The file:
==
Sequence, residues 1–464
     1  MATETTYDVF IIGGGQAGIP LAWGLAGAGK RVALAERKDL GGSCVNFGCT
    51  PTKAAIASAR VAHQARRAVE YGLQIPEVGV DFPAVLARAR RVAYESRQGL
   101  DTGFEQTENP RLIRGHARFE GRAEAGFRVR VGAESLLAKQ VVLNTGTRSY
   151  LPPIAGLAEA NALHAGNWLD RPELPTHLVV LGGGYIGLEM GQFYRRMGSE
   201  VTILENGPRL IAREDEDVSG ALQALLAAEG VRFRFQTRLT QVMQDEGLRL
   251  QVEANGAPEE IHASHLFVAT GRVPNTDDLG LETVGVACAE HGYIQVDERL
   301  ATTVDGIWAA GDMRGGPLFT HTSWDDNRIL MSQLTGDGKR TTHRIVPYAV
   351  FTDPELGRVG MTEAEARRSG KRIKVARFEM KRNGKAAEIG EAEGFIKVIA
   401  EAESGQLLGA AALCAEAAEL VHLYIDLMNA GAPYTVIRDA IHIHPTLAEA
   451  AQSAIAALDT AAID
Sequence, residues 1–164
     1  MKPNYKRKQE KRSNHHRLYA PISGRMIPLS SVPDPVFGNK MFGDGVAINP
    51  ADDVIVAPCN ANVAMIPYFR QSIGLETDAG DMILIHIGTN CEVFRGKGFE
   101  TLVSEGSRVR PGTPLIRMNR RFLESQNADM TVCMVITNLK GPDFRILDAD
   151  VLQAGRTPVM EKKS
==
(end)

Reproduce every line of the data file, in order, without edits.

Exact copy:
Sequence, residues 1–464
     1  MATETTYDVF IIGGGQAGIP LAWGLAGAGK RVALAERKDL GGSCVNFGCT
    51  PTKAAIASAR VAHQARRAVE YGLQIPEVGV DFPAVLARAR RVAYESRQGL
   101  DTGFEQTENP RLIRGHARFE GRAEAGFRVR VGAESLLAKQ VVLNTGTRSY
   151  LPPIAGLAEA NALHAGNWLD RPELPTHLVV LGGGYIGLEM GQFYRRMGSE
   201  VTILENGPRL IAREDEDVSG ALQALLAAEG VRFRFQTRLT QVMQDEGLRL
   251  QVEANGAPEE IHASHLFVAT GRVPNTDDLG LETVGVACAE HGYIQVDERL
   301  ATTVDGIWAA GDMRGGPLFT HTSWDDNRIL MSQLTGDGKR TTHRIVPYAV
   351  FTDPELGRVG MTEAEARRSG KRIKVARFEM KRNGKAAEIG EAEGFIKVIA
   401  EAESGQLLGA AALCAEAAEL VHLYIDLMNA GAPYTVIRDA IHIHPTLAEA
   451  AQSAIAALDT AAID
Sequence, residues 1–164
     1  MKPNYKRKQE KRSNHHRLYA PISGRMIPLS SVPDPVFGNK MFGDGVAINP
    51  ADDVIVAPCN ANVAMIPYFR QSIGLETDAG DMILIHIGTN CEVFRGKGFE
   101  TLVSEGSRVR PGTPLIRMNR RFLESQNADM TVCMVITNLK GPDFRILDAD
   151  VLQAGRTPVM EKKS